On the downside, the weather was hot and humid, just like in Bali. This gave me a 0% chance of being able to wear anything for more than a day.

Taking all of this into account, I packed enough clothes to last about four days at a time, and it turned out to be just about right. This translasted to four outfits for Chandra, and about eight for Abigail and me.

Taking a two-year-old on holiday

It’s surprising how much stuff has to accompany such a small person. Nappies, toys, and books in particular.

We use washable nappies at home but I wasn’t prepared to deal with those on holiday. Instead we relied on disposables.

There was never any risk of us running out altogether since practically every corner shop in Indonesia sells nappies in some form. However I did struggle to find the ones we usually buy, but in a 10-pack that was small enough to fit inside our bags. I tried a different brand but those were a bit of a disaster, so in the end I just bought a 40-pack. This lasted us for the rest of the trip, but I did feel a bit ridiculous turning up at places with two backpacks and a big pack of nappies. That’s the glamourous life of a backpacking parent, I suppose.

When it came to toys and books, there was a balance to be found between having enough to keep Abigail entertained, and not having to carry too much around with us.

I was very pleased when I found these blocks:

Mini building blocks - perfect when packing for a trip with a toddler

They are a mini version of the ones we have at home – still big enough for little fingers to manage – and they come in this little carry pouch.

The toy shops in Indonesia are full of plastic tat which I try to avoid for our toybox at home, but it’s perfect for a trip like this. It has some novelty value, it isn’t too heavy or bulky, and if it gets broken or lost it’s not the end of the world.

Tip: Stock up on plastic tat.

Packing for a trip with a toddler: some more essentials

Here are some other things I packed for our Lombok road trip:

  • Daughter’s pillow – so she had something familiar to lie on each night
  • Mosquito plugin – not all of our accommodation provided a mosquito net and I don’t like spraying the room my daughter is sleeping in, so this is a good alternative
  • Mosquito repellent – we don’t usually use this in Bali but were more careful about bites in Lombok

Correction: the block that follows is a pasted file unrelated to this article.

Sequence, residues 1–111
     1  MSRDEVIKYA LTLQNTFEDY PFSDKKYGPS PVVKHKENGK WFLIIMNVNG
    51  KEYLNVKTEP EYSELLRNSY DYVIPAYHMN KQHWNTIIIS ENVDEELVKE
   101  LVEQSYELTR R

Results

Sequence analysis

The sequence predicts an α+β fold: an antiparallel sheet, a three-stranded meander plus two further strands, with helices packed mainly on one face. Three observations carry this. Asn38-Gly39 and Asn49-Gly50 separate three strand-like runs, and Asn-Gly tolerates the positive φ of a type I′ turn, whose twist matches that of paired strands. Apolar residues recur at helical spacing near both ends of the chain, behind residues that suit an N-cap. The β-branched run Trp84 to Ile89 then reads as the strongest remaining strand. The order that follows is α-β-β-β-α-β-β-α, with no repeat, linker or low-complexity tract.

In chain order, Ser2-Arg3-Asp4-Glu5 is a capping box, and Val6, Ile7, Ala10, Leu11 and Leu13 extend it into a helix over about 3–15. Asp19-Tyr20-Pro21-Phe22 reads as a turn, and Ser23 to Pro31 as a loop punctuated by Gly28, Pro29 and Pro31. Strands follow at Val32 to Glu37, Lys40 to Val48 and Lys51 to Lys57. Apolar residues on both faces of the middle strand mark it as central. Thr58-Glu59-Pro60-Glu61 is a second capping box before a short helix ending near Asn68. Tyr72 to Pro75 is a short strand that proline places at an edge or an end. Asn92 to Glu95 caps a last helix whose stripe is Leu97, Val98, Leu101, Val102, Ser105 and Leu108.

• A 1-to-3 plug converter – this proved very useful as one place only had one plug socket and with electronics to charge as well as the mosquito plugin, we needed the extra space
  • Wifi modem – our portable wifi modem uses a sim card which we top up each month, and was useful as a backup when the wifi at our accommodation left a lot to be desired
  • Snorkel (one) – no need for two as one of us was always looking after our daughter. We bought one as we envisaged plenty of chances to snorkel and didn’t want to rent every time. In actual fact, we only made it to one really good snorkelling spot. Snorkels are usually included with boat trips and are widely available for hire, so this isn’t an essential unless you plan to make it to lots of deserted beaches.
  • Sarongs – any seasoned traveller – particularly in Southeast Asia – already knows the value of a sarong. It can be used to cover up, keep warm, sleep on, dry off, and probably a hundred other things. And when you’re travelling with a toddler you can add to that list: play with, wipe noses and clean up milk spills.
  • Bags and more bags – Backpacks aren’t known for their neatness; the moment you try and find one thing, everything else spills out into a big mess.

And that’s about all I have to share about packing for a trip with a toddler in Indonesia. If you found this information useful, check out my other post on how to keep a toddler happy when you’re travelling. You can read a full account of what we got up to in Lombok here.

If you’re a pro when it comes to travelling with a toddler and packing light for your trips, I’d love to hear any tips you have! You can share them by leaving a comment below.